In the presence of piecewise linear costs of adjusting labor the optimal decision of the firm consists of two aspects: at what points action should be taken, and what the action should be (Stokey, 2009; Dixit, 1993). In the model, the firm chooses a state-dependent interval such that when the labor-productivity ratio is inside this interval the firm chooses inaction, that is, the stock of workers remains unchanged , whereas when the labor-productivity ratio leaves the inaction region the firm chooses to hire or fire workers. Panel (a) of Figure 1 displays the optimal choice of labor-aggregate productivity ratio along with the optimal inaction region . While the labor-productivity ratio remains inside the inaction region the firm chooses inaction. If aggregate productivity increases sufficiently such that the labor-productivity ratio falls below , the firm immediately hires workers so that the labor-productivity ratio is equal to the lower barrier . In contrast, if productivity falls sufficiently such that the labor-productivity ratio increases above , the firm will fire workers such that the labor-productivity ratio achieves the upper barrier point .

Panel (b) of Figure 1 displays the impact of variations in aggregate volatility on the optimal inaction regions. An increase in aggregate volatility enlarges the range of inaction
because the possibility that a firm may find hiring or firing unwarranted increases. In particular, decreases sharply as uncertainty increases but has very little impact on . Consequently, the firm will wait until aggregate economic conditions are sufficiently good to start hiring when volatility is high compared to times when it is low. In this environment in which
aggregate volatility fluctuates, the presence of piecewise linear costs implies that inactivity in employment adjustment increases as economic conditions become more uncertain.^{4}

Panel (a) of Figure 2 displays the average equity return on a firm with a share of skilled workers in excess of the return on the firm with the lowest along different values of , . The model predicts that expected excess returns increase with a firm's reliance on skilled labor (i.e., as increases). What is the contribution of fluctuations in aggregate volatility to differences in expected equity returns? Figure 3 displays expected excess returns for different values of , . The line with circular markers comes from the baseline model assuming time-varying aggregate volatility while the line with cross markers corresponds to the case in which aggregate volatility is constant. The simulation results suggest that the compensation for volatility risk increases with a firm's reliance on skilled workers. Moreover, compensation for volatility risk is quantitatively more important for firms with a high share of skilled workers, consequently, it explains a larger portion of the risk compensation for firms with a high share of skilled labor than compensation for growth risks. In line with this implication, Panel (b) of Figure 2 shows that in the model a rise in aggregate volatility predicts an increase in the risk compensation for the reliance on skilled workers suggesting that a firm's exposure to fluctuations in aggregate volatility increases with its reliance on skilled labor.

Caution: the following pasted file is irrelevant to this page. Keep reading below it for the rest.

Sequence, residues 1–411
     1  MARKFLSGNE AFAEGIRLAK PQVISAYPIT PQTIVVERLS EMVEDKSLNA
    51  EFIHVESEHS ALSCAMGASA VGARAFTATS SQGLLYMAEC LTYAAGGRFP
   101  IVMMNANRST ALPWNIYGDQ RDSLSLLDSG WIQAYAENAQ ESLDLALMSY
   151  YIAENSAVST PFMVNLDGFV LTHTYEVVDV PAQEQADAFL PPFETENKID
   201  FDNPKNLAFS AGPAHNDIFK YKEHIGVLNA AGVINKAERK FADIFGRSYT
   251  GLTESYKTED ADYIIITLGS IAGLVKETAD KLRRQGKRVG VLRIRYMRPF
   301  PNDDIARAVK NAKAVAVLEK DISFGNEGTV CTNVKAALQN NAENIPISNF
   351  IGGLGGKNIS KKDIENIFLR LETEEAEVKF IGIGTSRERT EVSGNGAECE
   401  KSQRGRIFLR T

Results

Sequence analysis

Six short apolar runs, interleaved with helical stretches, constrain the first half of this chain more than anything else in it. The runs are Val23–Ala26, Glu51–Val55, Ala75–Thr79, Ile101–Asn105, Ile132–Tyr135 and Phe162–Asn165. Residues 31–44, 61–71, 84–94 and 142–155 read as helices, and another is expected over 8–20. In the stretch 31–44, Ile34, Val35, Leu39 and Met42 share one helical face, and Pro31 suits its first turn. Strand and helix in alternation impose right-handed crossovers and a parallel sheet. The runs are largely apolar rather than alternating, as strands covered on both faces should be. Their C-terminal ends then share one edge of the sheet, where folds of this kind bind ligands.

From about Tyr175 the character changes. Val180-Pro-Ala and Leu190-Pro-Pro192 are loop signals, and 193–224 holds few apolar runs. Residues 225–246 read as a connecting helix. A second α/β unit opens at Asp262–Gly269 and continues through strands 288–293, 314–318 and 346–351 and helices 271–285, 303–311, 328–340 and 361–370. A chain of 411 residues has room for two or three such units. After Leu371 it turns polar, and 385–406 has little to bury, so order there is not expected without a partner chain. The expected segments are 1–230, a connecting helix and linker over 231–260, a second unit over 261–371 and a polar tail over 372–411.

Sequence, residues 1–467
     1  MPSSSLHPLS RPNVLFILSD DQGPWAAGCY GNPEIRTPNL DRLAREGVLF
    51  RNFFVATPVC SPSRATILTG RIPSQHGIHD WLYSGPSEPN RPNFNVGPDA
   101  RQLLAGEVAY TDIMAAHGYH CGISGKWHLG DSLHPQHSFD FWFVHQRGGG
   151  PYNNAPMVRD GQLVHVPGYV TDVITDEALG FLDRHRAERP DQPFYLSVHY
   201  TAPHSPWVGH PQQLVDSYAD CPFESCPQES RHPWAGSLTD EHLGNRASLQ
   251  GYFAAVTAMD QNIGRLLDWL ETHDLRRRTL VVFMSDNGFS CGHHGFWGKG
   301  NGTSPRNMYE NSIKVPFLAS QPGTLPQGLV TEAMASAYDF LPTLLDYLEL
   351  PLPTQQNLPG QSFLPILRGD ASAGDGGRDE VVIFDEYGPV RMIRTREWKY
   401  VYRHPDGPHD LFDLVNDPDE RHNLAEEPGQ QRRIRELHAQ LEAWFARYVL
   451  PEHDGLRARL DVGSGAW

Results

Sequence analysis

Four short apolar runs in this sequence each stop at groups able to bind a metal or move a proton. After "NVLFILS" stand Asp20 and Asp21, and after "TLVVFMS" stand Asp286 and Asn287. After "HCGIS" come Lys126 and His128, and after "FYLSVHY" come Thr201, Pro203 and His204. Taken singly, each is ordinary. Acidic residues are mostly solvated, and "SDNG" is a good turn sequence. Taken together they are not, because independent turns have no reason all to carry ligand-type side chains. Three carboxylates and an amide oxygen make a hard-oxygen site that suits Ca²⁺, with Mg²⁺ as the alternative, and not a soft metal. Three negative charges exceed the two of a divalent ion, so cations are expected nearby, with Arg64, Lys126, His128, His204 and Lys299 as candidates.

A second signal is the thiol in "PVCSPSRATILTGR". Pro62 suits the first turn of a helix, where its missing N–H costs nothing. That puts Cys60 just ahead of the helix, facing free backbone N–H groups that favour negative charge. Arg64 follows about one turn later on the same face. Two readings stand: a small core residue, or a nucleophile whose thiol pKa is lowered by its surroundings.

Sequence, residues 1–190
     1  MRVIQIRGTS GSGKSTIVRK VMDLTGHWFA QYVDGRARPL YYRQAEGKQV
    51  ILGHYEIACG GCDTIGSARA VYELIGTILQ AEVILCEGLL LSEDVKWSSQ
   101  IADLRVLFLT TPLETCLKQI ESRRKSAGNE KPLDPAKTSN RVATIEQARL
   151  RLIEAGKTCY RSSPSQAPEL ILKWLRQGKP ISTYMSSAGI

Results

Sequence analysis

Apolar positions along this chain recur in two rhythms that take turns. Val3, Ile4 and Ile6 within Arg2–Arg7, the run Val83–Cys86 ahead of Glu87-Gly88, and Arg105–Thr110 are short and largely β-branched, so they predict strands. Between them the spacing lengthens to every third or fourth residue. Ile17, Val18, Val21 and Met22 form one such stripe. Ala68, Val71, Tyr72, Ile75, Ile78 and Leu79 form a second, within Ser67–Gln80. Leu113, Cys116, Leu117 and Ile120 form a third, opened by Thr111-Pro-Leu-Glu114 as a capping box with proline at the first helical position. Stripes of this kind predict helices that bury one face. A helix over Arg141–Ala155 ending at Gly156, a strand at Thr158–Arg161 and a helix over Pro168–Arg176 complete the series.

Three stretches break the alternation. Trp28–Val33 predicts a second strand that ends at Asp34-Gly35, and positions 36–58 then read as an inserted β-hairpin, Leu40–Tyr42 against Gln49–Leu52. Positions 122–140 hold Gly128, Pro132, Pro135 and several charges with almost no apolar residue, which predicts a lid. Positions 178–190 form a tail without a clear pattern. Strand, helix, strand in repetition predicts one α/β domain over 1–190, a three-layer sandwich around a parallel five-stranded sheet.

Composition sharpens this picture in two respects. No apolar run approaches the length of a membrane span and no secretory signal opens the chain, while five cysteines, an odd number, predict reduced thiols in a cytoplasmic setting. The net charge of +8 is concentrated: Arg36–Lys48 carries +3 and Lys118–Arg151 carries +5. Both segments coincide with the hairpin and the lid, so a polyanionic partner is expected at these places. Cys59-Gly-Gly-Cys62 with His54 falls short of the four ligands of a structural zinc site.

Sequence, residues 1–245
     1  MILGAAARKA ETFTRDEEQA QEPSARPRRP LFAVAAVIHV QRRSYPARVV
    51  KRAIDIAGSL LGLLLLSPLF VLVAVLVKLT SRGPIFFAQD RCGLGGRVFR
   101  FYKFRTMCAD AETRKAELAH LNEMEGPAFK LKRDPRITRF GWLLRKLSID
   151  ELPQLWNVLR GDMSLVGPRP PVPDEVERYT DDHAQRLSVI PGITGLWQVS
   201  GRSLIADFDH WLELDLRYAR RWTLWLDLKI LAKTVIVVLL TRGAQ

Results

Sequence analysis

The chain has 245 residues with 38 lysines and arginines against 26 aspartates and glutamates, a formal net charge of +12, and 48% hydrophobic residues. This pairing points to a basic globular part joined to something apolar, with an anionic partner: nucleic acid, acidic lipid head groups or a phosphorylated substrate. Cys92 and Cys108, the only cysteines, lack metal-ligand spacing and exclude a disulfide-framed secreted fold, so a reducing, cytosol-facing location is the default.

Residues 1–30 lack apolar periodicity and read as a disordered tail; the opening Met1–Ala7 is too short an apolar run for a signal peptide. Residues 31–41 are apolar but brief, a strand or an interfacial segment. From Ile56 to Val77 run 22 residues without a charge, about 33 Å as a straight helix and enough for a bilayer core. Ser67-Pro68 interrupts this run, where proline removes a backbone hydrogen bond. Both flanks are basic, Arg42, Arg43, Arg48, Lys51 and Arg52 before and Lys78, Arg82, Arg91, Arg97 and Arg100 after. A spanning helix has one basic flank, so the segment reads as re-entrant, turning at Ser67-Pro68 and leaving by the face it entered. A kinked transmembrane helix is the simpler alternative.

To better understand the link between a firm's reliance on skilled labor and expected excess returns it is helpful to inspect the optimal inaction region for a firm with high share of unskilled workers, high- , and one with a low share of skilled workers, low- (see Figure 4). An increase in aggregate volatility widens the inaction region slowing a firm's labor demand reaction to changes in economic conditions, and this effect is larger for the high- firm since its labor is more costly to adjust. Consequently, the high- firm experiences a more pronounced reduction in its ability to smooth cash-flows than a low- firm because the high- firm is expected to spend more time inside the inaction region. All in all, the model suggests that a firm's reliance on skilled labor is positively related to a firm's exposure to fluctuations in aggregate volatility because their labor is more costly to adjust, therefore, investors' required compensation for their investment will also increase with a firm's reliance on skilled labor.